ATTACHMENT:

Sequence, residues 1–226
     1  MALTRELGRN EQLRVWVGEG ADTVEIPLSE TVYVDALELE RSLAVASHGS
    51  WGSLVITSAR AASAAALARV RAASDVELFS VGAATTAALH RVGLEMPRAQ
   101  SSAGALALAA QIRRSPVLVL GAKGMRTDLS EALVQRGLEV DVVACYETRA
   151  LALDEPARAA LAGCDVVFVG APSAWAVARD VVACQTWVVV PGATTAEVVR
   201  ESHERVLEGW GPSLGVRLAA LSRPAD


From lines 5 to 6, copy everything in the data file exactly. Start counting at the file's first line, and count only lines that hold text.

   151  LALDEPARAA LAGCDVVFVG APSAWAVARD VVACQTWVVV PGATTAEVVR
   201  ESHERVLEGW GPSLGVRLAA LSRPAD